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I just stumbled across this word today, and was baffled to find that a thermos is a "magic bottle"? What reason is there for the kanji chosen? Was it a decision by a company who introduced/manufactured the first thermoses in Japan?

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    With all due respect, why is it so baffling? It had to be a pretty amazing invention back then. – l'électeur Oct 12 '17 at 15:20
  • Perhaps "baffled" wasn't the right word. I found it funny and slightly confusing that the object had "magic" somehow attributed to it. I haven't seen other such examples ("magic energy" for electricity or "magic stick" for a gun or what have you), so I was wondering if there was a reason for this one. – eefara Oct 12 '17 at 15:43
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    This would help you. blog.livedoor.jp/blog_channel-0004/archives/27866247.html – Yuuichi Tam Oct 12 '17 at 15:53
  • @YuuichiTam Very interesting! Post it as an answer and I'll accept it. – eefara Oct 12 '17 at 16:08
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    @YuuichiTam Summarize the contents of the link, and provide the link for reference. That would count as a complete answer. – psosuna Oct 12 '17 at 17:20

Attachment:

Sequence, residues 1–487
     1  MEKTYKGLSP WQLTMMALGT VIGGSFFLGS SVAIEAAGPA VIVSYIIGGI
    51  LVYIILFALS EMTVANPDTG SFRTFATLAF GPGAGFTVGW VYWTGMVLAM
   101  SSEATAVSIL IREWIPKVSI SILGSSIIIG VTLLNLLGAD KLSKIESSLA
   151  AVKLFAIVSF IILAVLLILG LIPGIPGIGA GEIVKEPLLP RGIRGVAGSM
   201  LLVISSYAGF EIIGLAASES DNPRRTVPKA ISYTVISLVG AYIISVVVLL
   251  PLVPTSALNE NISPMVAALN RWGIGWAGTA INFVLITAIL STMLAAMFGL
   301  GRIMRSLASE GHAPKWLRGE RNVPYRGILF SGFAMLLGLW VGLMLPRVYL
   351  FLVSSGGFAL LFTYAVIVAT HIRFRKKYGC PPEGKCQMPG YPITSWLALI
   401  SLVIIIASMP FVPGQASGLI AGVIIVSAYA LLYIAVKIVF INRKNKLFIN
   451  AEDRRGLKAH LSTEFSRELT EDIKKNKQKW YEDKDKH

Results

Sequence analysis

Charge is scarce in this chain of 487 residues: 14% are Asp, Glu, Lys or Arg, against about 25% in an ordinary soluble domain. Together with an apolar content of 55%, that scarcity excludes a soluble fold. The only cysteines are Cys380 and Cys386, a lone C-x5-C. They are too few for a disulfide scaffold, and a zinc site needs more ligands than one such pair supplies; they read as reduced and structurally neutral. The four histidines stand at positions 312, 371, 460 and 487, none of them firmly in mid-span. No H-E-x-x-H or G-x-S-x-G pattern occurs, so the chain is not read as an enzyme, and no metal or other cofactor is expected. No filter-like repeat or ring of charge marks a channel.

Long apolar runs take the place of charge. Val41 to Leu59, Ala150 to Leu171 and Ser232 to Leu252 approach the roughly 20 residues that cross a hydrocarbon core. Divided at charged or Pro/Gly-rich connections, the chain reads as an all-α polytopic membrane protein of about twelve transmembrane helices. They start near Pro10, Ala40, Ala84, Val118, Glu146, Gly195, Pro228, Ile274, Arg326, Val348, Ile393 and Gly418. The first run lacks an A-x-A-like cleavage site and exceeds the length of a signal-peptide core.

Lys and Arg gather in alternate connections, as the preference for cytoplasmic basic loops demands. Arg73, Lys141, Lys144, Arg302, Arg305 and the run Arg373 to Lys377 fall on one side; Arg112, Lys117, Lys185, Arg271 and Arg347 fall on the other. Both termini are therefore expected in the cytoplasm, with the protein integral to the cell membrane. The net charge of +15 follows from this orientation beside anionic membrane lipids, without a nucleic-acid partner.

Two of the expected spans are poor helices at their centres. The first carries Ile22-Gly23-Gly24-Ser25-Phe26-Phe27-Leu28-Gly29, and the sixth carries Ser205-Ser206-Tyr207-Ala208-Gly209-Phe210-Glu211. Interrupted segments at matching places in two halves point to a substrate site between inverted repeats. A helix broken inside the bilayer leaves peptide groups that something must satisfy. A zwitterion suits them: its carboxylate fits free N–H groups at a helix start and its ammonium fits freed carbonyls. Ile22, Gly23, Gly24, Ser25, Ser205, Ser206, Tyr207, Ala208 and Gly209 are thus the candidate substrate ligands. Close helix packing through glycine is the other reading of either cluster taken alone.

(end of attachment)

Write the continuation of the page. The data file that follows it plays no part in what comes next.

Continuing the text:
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We had not understood the reason why a thermos is called 魔法瓶, but Mr.Awazu, who was a director of 魔法瓶 memorial house, found out the reason a few years ago.

He found out a oldest newspaper article which was written the word 魔法瓶 at October 11th in 1907. The article said that in his interview about hunting, a person referred to the high performance and convenience of a thermos, which had been just imported to Japan at that time, and quoted 魔法瓶(Magic Bottle) in Aesop’s Fable. His words were used in the oldest advertisement of a thermos in Japan and he was decided to be the author of 魔法瓶.

However 魔法瓶(Magic Bottle) isn't in Aesop’s Fable and it seems to be his misunderstanding.

This is the source. http://blog.livedoor.jp/blog_channel-0004/archives/27866247.html

  • Interestingly, here is a 1914 publication of The Ohio State University Monthly, mentioning the Japanese term and glossing it as "magic bottle". – Eiríkr Útlendi Oct 11 '19 at 15:52

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